The Doctor Who finale explained - everything you need to know about that ending

Another year and another season of Doctor Who has come to an explosive end. But, as the Fifth Doctor once said, it feels different this time... 

There are a number of reasons for that. Not only are we soon to say goodbye to Peter Capaldi’s 12th Doctor – who started but didn’t finish his regeneration in The Doctor Falls – but also to showrunner Steven Moffat, who departs with his Doctor at Christmas. The episode also provided closure, if not finality, for Bill, Nardole, and the two Masters. 

Then there was the little matter of that ending… As the Doctor fought off regeneration, having decided that he’d rather die than change yet again, someone stepped out of the snowy wastes. “Who is that?” the mysterious figure called out. “I’m the Doctor,” replied our wounded hero. “The Doctor? Oh, I don’t think so. No, dear me, no. You may be A doctor, but I am THE Doctor. The original, you might say!”

That line confirmed something that fans have been speculating for months was true: The First Doctor, originated by William Hartnell in 1963, is back. Now played by David Bradley, of Harry Potter and Game of Thrones fame, he will be joining Capaldi in the Christmas special for a unique twist on the multi-Doctor story. 

That line confirmed something that fans have been speculating for months was true: The First Doctor, originated by William Hartnell in 1963, is back. Now played by David Bradley, of Harry Potter and Game of Thrones fame, he will be joining Capaldi in the Christmas special for a unique twist on the multi-Doctor story. 

Bradley is familiar with both the character and the show. He played the villainous Solomon in 2012’s Dinosaurs on a Spaceship and he starred as William Hartnell in the following year’s biopic, An Adventure in Space and Time, which recreated various scenes from early Who stories. This time, however, he gets to play the real deal, making him the third actor to take on the character (Richard Hurndall took on the role in 1983’s The Five Doctors).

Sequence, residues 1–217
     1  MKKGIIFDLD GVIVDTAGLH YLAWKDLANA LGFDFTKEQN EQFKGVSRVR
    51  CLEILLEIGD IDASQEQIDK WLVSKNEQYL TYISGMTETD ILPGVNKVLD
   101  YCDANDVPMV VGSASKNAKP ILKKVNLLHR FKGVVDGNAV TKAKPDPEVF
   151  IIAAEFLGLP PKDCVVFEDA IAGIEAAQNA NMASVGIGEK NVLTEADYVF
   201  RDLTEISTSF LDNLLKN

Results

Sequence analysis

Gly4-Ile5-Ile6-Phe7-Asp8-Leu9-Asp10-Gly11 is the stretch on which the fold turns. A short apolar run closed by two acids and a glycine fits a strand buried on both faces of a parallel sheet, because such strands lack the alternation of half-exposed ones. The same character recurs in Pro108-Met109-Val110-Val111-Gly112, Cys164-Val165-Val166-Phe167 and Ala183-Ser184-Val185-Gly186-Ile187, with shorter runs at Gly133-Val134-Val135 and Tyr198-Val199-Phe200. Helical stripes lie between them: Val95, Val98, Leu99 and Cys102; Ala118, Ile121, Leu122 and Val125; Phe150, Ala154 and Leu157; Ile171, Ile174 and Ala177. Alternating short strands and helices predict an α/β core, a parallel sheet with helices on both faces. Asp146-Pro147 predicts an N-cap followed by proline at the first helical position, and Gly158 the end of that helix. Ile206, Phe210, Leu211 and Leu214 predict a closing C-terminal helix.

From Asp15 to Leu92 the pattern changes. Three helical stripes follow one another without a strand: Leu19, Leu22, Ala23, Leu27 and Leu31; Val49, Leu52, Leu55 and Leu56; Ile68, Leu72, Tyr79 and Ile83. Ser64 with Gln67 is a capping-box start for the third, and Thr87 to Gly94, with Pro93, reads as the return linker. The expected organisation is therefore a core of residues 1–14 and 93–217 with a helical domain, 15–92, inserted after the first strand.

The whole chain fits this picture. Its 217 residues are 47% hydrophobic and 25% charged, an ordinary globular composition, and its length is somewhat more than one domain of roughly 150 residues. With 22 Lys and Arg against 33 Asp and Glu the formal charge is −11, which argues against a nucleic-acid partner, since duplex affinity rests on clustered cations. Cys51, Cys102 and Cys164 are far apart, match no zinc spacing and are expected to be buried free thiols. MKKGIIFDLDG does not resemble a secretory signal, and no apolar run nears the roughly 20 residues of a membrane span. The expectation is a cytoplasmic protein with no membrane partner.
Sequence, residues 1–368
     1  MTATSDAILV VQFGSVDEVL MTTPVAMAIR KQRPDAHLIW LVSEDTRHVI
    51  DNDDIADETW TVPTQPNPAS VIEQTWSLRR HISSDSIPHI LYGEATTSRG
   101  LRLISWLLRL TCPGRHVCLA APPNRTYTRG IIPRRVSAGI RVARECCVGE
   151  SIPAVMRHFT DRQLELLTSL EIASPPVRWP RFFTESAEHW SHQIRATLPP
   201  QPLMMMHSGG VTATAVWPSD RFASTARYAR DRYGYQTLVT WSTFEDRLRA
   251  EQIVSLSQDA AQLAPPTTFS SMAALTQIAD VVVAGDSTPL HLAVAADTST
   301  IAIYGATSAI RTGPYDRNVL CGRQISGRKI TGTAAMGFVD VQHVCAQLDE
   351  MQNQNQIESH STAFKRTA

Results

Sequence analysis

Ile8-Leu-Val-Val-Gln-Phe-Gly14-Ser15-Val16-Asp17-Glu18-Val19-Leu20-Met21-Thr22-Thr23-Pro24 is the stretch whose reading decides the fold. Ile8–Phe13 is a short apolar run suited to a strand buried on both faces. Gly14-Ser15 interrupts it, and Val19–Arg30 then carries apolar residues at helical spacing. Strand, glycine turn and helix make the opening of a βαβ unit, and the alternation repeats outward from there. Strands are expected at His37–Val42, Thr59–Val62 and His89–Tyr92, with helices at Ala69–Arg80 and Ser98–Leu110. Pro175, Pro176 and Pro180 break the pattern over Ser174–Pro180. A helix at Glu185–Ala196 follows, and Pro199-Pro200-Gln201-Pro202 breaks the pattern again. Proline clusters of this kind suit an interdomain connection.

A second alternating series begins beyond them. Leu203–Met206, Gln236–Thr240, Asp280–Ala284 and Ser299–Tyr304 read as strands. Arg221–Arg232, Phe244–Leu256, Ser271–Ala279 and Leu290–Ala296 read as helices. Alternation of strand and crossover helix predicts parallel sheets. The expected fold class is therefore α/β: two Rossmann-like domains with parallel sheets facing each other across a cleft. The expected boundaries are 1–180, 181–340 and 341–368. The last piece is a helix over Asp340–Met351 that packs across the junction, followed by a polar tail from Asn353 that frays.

But why bring this particular Doctor back? What’s the relevance of the setting and why did the Twelfth Doctor choose to hold back his regeneration, anyway? As no solid information has been released about the Christmas special, we can’t say for certain, but I can make a few educated guesses.

Let’s start with the where the TARDIS lands at the end of The Doctor Falls. It’s cold and snowy – rather like Antarctica. That was where the final First Doctor story, 1966’s The Tenth Planet, was set. Not only did that momentous tale introduce the concept of regeneration to an unsuspecting public, it also featured the Cybermen for the first time (and of the Mondasian variant to boot). It’s a safe bet, then, that at least some of the Christmas episode will take place within that story.

“I don’t want to live if I can’t be me anymore,” says Bill, early in the finale, and it’s a sentiment that all the lead characters reflect on at some point in the episode. But while Missy and the Master choose death over change, and Bill and Nardole both accept their new journeys, the Doctor is steadfast. 

He’s old and tired. This incarnation began his life with a major crisis of confidence, then lost Clara, River, and now Bill, before (he thinks) finally being abandoned by Missy. It’s been a rough few years! And so, in the snow, he gives up and accepts death rather than transformation.